Sustainability requirements will trickle down to even the smallest of businesses, says ACCA (the Association of Chartered Certified Accountants), in a new SME Committee policy paper called From green to black and white: embedding sustainability in Small and Medium Sized Enterprises (SMEs).
However, the paper says that the challenge for all stakeholders is to manage the administrative burden of sustainability reporting on SMEs throughout the supply chain in order to avoid wasteful duplication, heavy-handed regulation, or barriers to entry - whilst promoting and communicating best practice.
ACCA believes it is important that SMEs start promoting sustainability because they already have a significant footprint and impact. SMEs employ 60% of the private sector workforce; they are estimated to account for 45% of total energy use, 43% of serious industrial pollution incidents and 60% of all commercial waste; additionally 31% of their energy usage is believed to be due to waste.
Professor Francis Chittenden, chair of ACCA’s small business committee, says: “Sustainability is everyone’s business. Policymakers’ commitment to responsible and sustainable business practices in the UK and the rest of Europe is increasingly backed up by ambitious and specific commitments on carbon emissions and the use of energy. However, it is very difficult to imagine that such commitments can be monitored, let alone met, unless smaller businesses can also deliver savings and report on progress.”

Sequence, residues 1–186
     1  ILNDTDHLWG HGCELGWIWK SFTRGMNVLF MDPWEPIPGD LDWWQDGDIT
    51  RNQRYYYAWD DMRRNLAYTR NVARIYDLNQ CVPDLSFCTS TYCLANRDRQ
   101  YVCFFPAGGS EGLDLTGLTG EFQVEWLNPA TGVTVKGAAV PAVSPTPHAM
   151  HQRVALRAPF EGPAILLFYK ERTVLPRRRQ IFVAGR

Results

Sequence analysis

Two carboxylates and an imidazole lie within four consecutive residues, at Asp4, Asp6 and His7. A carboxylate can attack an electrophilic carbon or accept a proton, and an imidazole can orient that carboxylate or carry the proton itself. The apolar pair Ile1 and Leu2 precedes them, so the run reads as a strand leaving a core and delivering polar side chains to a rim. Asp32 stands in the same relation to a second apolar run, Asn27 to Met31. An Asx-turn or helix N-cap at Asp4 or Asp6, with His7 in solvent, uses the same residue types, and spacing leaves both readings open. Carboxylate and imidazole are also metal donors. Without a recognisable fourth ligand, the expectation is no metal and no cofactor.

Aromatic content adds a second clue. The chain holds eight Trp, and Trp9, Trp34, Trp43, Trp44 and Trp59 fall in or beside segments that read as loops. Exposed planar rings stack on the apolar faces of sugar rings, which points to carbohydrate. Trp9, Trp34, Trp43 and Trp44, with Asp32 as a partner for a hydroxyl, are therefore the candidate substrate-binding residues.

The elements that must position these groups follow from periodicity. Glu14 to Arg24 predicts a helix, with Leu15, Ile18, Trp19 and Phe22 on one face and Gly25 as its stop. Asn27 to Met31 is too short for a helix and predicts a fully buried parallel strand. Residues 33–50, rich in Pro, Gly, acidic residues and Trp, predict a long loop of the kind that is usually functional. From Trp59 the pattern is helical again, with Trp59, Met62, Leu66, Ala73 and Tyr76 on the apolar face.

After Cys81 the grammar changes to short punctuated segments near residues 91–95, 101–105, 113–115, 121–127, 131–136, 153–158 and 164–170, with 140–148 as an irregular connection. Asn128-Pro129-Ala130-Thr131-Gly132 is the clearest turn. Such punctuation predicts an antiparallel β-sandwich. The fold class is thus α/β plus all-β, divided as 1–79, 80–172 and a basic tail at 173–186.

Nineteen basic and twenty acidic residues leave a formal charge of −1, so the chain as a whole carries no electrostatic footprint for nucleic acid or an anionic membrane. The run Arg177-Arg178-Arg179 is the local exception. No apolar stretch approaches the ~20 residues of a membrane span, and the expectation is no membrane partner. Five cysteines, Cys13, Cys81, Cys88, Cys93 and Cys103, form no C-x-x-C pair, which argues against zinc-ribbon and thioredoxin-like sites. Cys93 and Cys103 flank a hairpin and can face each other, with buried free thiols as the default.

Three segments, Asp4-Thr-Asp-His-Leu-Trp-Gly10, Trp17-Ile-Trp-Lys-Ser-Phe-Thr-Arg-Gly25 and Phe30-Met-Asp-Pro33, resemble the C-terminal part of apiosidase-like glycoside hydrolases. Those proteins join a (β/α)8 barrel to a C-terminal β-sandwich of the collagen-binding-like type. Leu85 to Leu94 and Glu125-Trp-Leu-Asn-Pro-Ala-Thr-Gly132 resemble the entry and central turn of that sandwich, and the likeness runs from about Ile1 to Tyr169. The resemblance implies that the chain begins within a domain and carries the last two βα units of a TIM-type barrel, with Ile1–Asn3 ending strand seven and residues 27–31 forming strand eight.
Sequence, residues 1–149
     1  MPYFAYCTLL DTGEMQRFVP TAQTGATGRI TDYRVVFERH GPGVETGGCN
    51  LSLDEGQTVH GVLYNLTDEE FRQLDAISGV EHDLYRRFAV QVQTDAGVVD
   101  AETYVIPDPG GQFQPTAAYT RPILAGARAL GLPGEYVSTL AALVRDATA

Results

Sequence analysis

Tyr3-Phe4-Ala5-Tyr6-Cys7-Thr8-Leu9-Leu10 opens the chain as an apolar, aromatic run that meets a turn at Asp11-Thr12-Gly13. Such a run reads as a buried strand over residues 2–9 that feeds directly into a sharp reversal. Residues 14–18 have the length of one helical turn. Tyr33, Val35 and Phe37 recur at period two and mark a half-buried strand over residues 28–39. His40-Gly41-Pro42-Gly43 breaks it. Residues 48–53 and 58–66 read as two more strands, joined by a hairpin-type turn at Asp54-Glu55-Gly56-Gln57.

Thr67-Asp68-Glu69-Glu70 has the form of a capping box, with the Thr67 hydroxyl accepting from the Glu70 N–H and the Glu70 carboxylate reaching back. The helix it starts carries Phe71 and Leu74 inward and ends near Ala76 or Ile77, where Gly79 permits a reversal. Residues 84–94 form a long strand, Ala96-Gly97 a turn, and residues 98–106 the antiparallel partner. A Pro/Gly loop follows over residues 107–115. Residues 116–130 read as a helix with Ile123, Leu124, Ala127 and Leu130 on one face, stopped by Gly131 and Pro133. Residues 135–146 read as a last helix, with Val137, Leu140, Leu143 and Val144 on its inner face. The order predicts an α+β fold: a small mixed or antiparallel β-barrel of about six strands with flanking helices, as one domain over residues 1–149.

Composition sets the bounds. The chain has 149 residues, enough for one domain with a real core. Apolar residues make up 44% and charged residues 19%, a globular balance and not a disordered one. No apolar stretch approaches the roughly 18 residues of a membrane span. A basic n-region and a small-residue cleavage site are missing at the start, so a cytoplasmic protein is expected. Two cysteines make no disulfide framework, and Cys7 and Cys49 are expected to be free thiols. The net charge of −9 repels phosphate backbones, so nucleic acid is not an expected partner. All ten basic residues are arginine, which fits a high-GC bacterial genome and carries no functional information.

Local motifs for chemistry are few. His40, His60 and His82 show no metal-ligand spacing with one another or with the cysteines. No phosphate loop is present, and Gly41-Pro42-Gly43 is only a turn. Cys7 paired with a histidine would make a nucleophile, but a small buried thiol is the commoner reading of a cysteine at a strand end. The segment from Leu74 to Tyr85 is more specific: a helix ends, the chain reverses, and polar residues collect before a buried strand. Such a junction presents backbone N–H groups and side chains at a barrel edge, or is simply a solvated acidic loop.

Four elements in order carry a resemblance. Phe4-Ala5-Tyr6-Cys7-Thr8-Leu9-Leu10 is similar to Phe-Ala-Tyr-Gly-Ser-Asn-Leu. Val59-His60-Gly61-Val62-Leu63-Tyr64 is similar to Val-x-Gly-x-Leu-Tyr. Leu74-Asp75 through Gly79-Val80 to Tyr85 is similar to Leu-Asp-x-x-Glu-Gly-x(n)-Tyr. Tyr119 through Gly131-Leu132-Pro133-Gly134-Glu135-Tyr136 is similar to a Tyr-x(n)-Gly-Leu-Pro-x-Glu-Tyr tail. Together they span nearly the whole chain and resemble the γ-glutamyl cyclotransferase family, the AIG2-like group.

Professor Chittenden is also adamant that any reporting standards need to ‘Think Small First’, adding: “Policymakers and practitioners alike have long approached sustainability from the point of view of large companies. However, standards developed by or for these will not necessarily work for smaller businesses. They need a different approach - SMEs require simpler methodologies, making use of financial data that they already produce for management purposes.”
The paper also offers five steps to promoting sustainability as follows – for large and small businesses:
1. Committing the business publicly to taking action
2. Assessing the business’ impact / footprint
3. Setting targets for reducing impact
4. Acting to reduce impact
5. Publishing the business’ policies and actions.
Cecilia Thorn, Senior Policy Adviser for ACCA and a member of ACCA’s SME Committee adds: “Footprinting and sustainability reporting are still relatively new disciplines for SMEs and their advisers. The priority now is to ensure a move towards common standards, built from the bottom up. It is not realistic for the accounting profession, entrepreneurs or policymakers to expect immediate results – these could take a decade or more to materialise. However, we say in this report that this is a first and solid step down the right path, and that accountants must step outside their own comfort zone to nurture sustainability practices and help their SME clients to integrate sustainability reporting with accounting and financial information.”
Professor Chittenden concludes: “The inevitability of this means that change will happen, and the finance profession has a massive part to play here because promoting effective sustainability practices can lead to competitive advantages for progressive firms. What can be measured can be monitored and communicated to employees, to customers and suppliers. SMEs can make big leaps in this area.”